In parallel to this on-the-ground advocacy narrative, preservation theory was shifting in the second half of the twentieth century. While notions of the “inherent” value of heritage had long underpinned preservation practice, the 1980s saw a move toward understanding heritage as a social construct. Scholars increasingly recognized that the way people think about and engage with the past changes over time.2 Preservation was also increasingly understood to serve social functions in the present and to be fundamentally connected to questions of power.3
These theoretical shifts manifested in various forms of preservation policy and practice, especially through greater recognition of the ways in which different communities and stakeholders ascribe value to heritage. In particular, Australia ICOMOS’s Burra Charter, first adopted in 1979 and revised several times since, represented an early application of this broadened thinking to policy.4 The notion that different stakeholders may value a place in myriad, incommensurable, and sometimes incompatible ways has become an established theme of heritage literature.5 In practice, greater recognition of vernacular heritage and cultural landscapes underscores the inextricable links between people and the environment in which they live.6 Such approaches challenge the field’s focus on material integrity, instead emphasizing the significance of the relationships between people and place, and of the social and political meaning of these relationships.7
Our research initiative, Urban Heritage, Sustainability, and Social Inclusion, seeks to explore how an evolving understanding of these social dimensions is playing out in urban preservation policy in the United States. To do so, this endeavor and this literature review examine the topic through the lens of social inclusion.
In the social sciences—outside the core of heritage literature—social inclusion is referenced broadly in discussions of immigration and integration, neighborhood diversity and affordability, economic regeneration, wellness and mental health, and access to political power. In fact, inclusion is most frequently defined in the literature by its opposite: the exclusion of people and groups from participation in economic, social, political, and cultural life.8 This exclusion has been extensively explored in cultural studies, which has established that because cultural identities are varied, relational, and interconnected, social exclusion exists at the intersection of multiple marginalities.9 The recognition of differences in social power has been central to this discussion.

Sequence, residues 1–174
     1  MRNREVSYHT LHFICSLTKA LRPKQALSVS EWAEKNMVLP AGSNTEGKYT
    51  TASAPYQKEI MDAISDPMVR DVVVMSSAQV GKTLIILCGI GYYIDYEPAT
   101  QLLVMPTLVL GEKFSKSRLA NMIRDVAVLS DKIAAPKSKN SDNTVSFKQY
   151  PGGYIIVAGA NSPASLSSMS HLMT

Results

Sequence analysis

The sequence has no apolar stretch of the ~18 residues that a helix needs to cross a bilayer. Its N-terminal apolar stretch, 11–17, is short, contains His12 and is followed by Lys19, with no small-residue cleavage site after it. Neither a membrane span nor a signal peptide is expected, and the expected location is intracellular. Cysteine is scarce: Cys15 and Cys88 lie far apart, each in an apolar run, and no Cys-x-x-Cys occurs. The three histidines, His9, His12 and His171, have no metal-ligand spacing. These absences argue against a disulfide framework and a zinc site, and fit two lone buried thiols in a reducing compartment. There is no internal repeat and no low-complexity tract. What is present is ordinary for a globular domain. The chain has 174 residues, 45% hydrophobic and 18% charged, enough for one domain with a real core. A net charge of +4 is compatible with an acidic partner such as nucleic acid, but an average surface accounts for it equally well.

Within the body of literature focused more directly on heritage, researchers have found that the desire for social inclusion is widely discussed in practice10 but that the term is used to convey a variety of inexactly defined ideas and infrequently addresses fundamental issues of power.11 While there is broad agreement that heritage has a role to play in fostering social inclusion, the “how” of this role is unevenly conceptualized.12 This literature review finds that discussions of how heritage can foster social inclusion generally fall into three broad categories:
• representing diverse narratives and communities through preservation;
• engaging multiple publics in preservation decision-making; and
• promoting inclusive outcomes for communities through preservation.
Just as the concept itself is unevenly defined, social inclusion is not well or explicitly represented in much of the preservation discourse. Thus, the following review is as much about identifying gaps in the research as it is about charting what does exist. Likewise, while this broader research initiative focuses on municipal-level policy, the review investigates the discourse writ large—in the United States and internationally—as well as at varying levels of governance (municipal, national, and global). Similarly, much of the heritage discussion around social inclusion is dealt with in practice-based case studies, so this review also extends beyond the academic and into advocacy-based discourse and gray literature in order to probe the intersection of preservation and social inclusion in different ways.
—REPRESENTING DIVERSE NARRATIVES
Whose narratives are being represented?